SIGN IN to access Harper’s Magazine
1. Sign in to Customer Care using your account number or postal address.
2. Select Email/Password Information.
3. Enter your new information and click on Save My Changes.
Subscribers can find additional help here. Not a subscriber? Subscribe today!
Still, the Simm case reveals just how much of a risk [NATO] was taking when it gradually expanded eastward after the end of the Cold War. Each of its current 28 member states now enjoys access to almost all the classified information within the alliance. For experts, this is already unsettling enough. But even more worrisome is the fact that members of the old elite — whose loyalties once lay with a completely different political system — now work in the security apparatus of some of the new member states. In other words, people like Herman Simm. –“Betrayer and Betrayed,” Fidelius Schmid and Andreas Ulrich, Der Spiegel
Philippine Suffrage is a cadaver, madly piloting a gurney into an open grave. And being a cadaver, bloodless. Rather, instead of thinking corruption, nepotism, favoritism, cronyism, and fraud, think “royalty” out of which representatives are chosen. In this class, certain families dominate. Old Money. New Money. Old Money, the long-standing families that have owned 95% of the country’s wealth for at least a century. Wonder why there are only two breweries in the Philippines? Cuz cousin cousin, beer is kept in the family, albeit only two. Think Cojuangco. That said, with sugar cane, old tobacco, banks, shopping centers, etc, Old Money has bought its seat in the Forum and there is no law that can evict them. You’d just have civil war. New Money, the actors/actresses of stage and screen. You can just trust the face that has beguiled you for years. As if their scripted dialogue, having moved a nation into the cinema can move a nation out of international debt. In Manila, performers do not retire; they form political parties around their cult of personality. So, whereas term limits are to shorten time in political office, rotate old blood with new blood, what it really does—just shuffle family members and drama queens. –“Conversations at a Wartime Café,” Sean Labrador y Manzano, McSweeney’s
“Vaht khappens to a dream deferred?” he began with a thick Russian accent. “Does it dry up like a raisin in zee sun?”
I was stunned. In a battered old schoolhouse in a tiny industrial city in a Muslim former Soviet republic on Iran’s northern border in Central Asia, a skinny 15-year-old was demonstrating his English skills by reciting a Langston Hughes poem. Contemporary American pop culture spreads far and fast these days. So I hadn’t been surprised to learn that even in an isolated, totalitarian country like Turkmenistan, 50 Cent’s rhymes had snuck into the hearts of thousands of young people via satellite television. But it was a mystery to me how the work of a decades-dead African American writer – one who is growing more obscure in the US with each passing year – had slipped into its public schools. –“From Turkmenistan to America: How I Found Langston Hughes,” Sam Tranum, Literary Traveler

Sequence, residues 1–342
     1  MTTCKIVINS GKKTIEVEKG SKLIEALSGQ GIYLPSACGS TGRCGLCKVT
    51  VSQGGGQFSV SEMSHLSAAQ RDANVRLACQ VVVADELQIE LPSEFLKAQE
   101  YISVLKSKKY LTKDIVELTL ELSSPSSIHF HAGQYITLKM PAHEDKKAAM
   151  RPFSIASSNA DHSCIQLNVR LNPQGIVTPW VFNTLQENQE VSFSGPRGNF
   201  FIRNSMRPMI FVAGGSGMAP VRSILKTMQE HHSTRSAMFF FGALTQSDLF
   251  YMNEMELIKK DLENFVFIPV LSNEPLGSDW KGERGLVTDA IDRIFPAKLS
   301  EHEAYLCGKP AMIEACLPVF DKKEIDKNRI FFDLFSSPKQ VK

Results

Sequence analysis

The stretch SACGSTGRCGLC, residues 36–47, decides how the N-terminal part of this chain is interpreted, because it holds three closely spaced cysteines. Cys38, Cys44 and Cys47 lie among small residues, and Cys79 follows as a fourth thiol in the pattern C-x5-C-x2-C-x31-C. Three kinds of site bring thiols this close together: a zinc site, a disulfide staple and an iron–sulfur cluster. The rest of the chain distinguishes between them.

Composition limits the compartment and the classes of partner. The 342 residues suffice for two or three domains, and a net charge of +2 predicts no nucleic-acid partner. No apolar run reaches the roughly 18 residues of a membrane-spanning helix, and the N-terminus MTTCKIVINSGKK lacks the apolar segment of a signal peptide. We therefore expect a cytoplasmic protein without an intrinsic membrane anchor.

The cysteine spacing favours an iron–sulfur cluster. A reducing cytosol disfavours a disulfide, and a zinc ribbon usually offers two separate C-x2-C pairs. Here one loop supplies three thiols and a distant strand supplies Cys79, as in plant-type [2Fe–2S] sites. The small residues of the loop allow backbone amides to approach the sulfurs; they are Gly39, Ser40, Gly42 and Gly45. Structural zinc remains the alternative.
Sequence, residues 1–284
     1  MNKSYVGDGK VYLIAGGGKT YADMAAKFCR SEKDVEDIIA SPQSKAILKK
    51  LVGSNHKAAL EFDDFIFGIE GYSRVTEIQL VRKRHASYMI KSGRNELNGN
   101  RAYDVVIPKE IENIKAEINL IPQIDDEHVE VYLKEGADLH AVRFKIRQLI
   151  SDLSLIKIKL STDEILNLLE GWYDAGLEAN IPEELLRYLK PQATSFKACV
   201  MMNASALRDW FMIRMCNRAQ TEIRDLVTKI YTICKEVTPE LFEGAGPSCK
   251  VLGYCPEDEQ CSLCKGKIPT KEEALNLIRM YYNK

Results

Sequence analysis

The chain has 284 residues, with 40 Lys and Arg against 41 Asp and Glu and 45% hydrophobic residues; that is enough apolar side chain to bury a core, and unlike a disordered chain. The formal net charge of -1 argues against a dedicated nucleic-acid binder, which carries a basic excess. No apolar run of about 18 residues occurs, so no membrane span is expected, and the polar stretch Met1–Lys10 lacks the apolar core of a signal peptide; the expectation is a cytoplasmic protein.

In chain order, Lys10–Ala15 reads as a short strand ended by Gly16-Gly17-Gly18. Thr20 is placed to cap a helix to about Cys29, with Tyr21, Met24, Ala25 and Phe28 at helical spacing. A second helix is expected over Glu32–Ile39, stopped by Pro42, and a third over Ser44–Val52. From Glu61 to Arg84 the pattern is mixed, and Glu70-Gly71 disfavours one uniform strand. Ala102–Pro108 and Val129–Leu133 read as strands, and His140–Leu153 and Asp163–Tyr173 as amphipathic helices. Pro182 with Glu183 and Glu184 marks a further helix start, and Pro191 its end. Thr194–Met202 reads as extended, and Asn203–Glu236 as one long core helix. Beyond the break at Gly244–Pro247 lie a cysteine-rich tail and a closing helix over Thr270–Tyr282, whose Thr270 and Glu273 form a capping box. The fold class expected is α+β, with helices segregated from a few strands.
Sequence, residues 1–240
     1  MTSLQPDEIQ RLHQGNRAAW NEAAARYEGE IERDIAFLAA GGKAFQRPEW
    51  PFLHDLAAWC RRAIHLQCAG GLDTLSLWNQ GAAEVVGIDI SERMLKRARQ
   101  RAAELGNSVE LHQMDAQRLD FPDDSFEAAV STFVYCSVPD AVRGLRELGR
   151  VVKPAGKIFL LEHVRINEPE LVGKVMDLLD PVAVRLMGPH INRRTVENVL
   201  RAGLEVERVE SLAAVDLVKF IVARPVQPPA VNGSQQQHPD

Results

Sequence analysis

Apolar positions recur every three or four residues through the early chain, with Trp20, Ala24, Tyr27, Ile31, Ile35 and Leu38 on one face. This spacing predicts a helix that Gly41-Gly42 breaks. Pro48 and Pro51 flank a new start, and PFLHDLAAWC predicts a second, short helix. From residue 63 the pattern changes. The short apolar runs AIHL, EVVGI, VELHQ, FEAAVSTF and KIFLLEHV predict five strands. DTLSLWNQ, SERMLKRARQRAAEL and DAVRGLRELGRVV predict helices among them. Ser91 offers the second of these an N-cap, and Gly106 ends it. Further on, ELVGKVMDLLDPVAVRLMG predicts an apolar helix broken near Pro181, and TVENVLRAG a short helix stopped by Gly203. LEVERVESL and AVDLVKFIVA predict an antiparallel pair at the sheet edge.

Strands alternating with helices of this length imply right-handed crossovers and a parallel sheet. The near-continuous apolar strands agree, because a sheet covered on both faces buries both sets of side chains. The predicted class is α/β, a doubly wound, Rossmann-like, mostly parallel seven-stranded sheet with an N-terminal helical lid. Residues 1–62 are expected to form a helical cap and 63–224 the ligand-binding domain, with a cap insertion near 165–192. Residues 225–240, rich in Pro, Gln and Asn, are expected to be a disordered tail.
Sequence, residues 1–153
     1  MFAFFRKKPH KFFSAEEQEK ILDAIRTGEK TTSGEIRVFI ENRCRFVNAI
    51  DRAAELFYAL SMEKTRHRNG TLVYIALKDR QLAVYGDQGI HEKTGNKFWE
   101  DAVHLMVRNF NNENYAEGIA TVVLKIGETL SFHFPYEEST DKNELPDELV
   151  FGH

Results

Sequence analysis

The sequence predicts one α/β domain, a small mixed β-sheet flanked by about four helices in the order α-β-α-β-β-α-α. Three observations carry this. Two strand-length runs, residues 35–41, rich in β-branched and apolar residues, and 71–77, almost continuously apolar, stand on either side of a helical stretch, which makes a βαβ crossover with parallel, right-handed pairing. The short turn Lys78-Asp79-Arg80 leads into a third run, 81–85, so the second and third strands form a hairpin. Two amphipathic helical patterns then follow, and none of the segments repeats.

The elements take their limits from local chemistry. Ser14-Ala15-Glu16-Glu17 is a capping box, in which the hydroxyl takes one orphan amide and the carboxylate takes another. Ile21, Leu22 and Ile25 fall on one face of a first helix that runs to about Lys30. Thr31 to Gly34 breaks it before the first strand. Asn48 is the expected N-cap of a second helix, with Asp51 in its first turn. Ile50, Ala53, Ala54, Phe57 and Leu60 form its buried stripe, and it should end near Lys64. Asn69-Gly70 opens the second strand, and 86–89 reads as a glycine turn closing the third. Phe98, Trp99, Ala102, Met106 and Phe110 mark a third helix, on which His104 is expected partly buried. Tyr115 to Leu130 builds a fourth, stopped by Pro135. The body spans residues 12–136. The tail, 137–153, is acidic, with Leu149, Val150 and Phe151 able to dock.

More from Rafe Bartholomew:
On a Friday evening in January, a thousand people at the annual California Native Plant Society conference in San Jose settled down to a banquet and a keynote speech delivered by an environmental historian named Jared Farmer. His chosen topic was the eucalyptus tree and its role in California’s ecology and history. The address did not go well. Eucalyptus is not a native plant but a Victorian import from Australia. In the eyes of those gathered at the San Jose DoubleTree, it qualified as “invasive,” “exotic,” “alien” — all dirty words to this crowd, who were therefore convinced that the tree was dangerously combustible, unfriendly to birds, and excessively greedy in competing for water with honest native species.
In his speech, Farmer dutifully highlighted these ugly attributes, but also quoted a few more positive remarks made by others over the years. This was a reckless move. A reference to the tree as “indigenously Californian” elicited an abusive roar, as did an observation that without the aromatic import, the state would be like a “home without its mother.” Thereafter, the mild-mannered speaker was continually interrupted by boos, groans, and exasperated gasps. Only when he mentioned the longhorn beetle, a species imported (illegally) from Australia during the 1990s with the specific aim of killing the eucalyptus, did he earn a resounding cheer.
Percentage of Britons who cannot name the city that provides the setting for the musical Chicago:
An Australian entrepreneur was selling oysters raised in tanks laced with Viagra.
A tourism company in Australia announced a service that will allow users to take the “world’s biggest selfies,” and a Texas man accidentally killed himself while trying to pose for a selfie with a handgun.
Subscribe to the Weekly Review newsletter. Don’t worry, we won’t sell your email address!
“Shelby is waiting for something. He himself does not know what it is. When it comes he will either go back into the world from which he came, or sink out of sight in the morass of alcoholism or despair that has engulfed other vagrants.”